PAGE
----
What's in a Model? A History of Human Modeling for Computer Graphics and Animation, 1961-1988
In the 1960s, scientists, engineers, artists and animators experimented with analog and digital computer graphics, animating stick figures and humanoid forms visualized on cathode ray tube screens. Over the next two decades, as research and creative work in 3-D computer graphics and animation developed at several research hubs and production companies across the United States, and as digital imaging formats superseded analog ones, the transformability and manipulability of digital images proliferated and along with it the occurrences of 3-D humanoid renderings. Studying the history of 3-D computer graphic modeling, and treating the models as objects of inquiry in the many forms that they take, reveals that the existence of the model, an original object or objects of reference, whether living or inanimate, matters to the way that computer graphic modeling developed and how that history unfolded. Traces of recognizability extend through the many transformations and manipulations of the 3-D model, attesting to the staying power of the body model and the material underpinnings of computer imaging practices. Analyzing the history of practices in 3-D computer graphic modeling using a material culture studies approach adds nuance to histories of computerized imaging and draws attention to the array of objects and people deployed to get information about human bodies into computers. This project shifts emphasis from the “pioneers” of computer graphics to the models recruited to help them carry out their work. By “following the bodies,” we gain an understanding of body and beauty standards that informed practices of computer graphic modeling, guided by a combination of craft-based and computer-automated techniques to digitize the surface information of human bodies and the way they move. By the 1980s, computer-generated humanoids in television commercials and in films signaled their synthetic nature and contributed to a visual culture of computing, characterized by ever-shifting terms of photorealism, uncanny clones, and self-reflexive pastiche. This is the digital world we have inherited; replete with libraries of ready-made 3-D body models whose electronic binary code has corporeal traces written into it.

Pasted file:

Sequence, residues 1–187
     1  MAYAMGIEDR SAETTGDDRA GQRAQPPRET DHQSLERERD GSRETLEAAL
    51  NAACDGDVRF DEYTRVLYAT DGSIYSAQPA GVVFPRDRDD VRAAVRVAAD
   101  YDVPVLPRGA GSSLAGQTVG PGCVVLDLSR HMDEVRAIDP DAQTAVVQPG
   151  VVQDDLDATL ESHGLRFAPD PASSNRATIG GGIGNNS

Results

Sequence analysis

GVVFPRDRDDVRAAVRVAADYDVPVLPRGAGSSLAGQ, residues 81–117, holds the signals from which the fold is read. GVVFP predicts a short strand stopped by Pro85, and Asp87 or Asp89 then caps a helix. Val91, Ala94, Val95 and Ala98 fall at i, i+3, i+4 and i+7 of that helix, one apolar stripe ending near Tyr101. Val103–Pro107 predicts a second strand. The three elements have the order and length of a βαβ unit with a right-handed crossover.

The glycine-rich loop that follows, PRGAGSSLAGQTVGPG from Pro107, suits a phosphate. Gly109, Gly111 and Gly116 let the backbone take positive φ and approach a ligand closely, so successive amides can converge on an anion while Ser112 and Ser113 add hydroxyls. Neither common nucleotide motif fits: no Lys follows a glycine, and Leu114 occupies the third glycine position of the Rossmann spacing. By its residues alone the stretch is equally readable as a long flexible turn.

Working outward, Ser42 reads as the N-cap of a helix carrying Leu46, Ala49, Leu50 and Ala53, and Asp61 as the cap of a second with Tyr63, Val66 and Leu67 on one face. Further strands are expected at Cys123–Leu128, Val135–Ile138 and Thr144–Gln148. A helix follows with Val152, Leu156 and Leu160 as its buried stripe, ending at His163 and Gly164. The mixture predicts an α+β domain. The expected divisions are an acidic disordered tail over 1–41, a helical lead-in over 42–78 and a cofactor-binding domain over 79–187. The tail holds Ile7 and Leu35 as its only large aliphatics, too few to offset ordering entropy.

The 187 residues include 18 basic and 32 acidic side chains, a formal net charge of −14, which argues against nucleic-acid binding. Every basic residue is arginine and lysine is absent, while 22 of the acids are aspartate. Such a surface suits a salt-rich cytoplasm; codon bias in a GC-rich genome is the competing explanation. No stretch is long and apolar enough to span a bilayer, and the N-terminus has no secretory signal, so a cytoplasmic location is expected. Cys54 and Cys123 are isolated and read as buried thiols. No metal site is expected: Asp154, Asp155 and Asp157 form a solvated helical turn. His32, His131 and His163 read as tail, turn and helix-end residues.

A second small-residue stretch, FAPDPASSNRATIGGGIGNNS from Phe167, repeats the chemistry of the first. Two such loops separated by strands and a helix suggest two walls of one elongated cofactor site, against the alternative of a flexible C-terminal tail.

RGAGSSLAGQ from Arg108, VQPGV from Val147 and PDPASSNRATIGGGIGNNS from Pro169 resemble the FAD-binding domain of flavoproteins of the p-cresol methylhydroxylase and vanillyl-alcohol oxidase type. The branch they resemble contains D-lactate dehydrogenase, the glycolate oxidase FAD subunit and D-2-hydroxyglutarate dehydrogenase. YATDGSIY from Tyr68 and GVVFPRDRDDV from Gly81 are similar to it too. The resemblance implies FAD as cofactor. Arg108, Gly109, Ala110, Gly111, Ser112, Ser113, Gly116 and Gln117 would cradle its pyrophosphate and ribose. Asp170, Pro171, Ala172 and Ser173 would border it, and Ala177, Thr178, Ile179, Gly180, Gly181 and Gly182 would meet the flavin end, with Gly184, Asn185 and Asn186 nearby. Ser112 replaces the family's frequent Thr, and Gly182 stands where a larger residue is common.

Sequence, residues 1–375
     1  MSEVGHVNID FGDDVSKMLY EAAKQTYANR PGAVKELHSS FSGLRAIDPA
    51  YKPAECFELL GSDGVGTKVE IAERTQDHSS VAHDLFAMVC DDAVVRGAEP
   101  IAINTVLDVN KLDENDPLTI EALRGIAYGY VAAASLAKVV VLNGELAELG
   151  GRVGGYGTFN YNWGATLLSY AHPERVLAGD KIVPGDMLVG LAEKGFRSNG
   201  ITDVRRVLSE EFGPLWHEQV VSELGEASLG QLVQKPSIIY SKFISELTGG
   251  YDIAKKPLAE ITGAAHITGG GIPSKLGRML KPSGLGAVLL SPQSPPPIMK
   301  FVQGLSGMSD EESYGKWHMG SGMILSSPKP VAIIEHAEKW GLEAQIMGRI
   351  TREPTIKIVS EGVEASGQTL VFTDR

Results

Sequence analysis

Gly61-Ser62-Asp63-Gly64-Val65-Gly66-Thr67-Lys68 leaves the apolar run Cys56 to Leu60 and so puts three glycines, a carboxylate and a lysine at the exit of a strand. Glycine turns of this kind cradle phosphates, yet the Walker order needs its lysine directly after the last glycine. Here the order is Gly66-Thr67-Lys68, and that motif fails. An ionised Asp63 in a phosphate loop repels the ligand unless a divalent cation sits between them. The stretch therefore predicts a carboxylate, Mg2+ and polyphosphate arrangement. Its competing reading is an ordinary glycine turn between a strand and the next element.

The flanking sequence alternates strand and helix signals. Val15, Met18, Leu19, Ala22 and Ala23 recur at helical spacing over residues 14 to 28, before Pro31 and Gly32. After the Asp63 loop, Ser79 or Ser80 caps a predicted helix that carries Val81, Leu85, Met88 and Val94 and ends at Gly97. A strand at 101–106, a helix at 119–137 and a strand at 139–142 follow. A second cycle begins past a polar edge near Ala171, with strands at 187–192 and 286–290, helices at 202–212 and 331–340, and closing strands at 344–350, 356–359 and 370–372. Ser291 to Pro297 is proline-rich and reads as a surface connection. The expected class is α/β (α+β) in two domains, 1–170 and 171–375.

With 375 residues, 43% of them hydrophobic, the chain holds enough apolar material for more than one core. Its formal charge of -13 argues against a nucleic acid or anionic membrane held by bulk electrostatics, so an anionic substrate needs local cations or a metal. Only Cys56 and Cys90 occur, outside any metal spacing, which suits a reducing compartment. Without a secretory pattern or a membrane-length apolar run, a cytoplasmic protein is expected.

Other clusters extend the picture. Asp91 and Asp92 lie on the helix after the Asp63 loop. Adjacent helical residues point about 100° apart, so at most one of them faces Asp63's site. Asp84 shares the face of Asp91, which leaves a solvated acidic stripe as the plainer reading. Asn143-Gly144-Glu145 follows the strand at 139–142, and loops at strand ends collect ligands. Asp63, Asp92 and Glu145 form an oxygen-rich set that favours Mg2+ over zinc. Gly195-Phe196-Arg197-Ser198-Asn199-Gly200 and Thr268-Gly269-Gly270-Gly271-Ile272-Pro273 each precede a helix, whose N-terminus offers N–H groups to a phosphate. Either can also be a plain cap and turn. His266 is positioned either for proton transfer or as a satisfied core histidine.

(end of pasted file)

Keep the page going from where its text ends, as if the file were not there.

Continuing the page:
History; 3-D modeling; Information technology; Computer animation; History of technology; Computer Graphics; Body studies
Kline, Ronald R.
Villarejo, Amy; Prentice, Rachel E.
Science and Technology Studies
Ph. D., Science and Technology Studies
Doctor of Philosophy
dissertation or thesis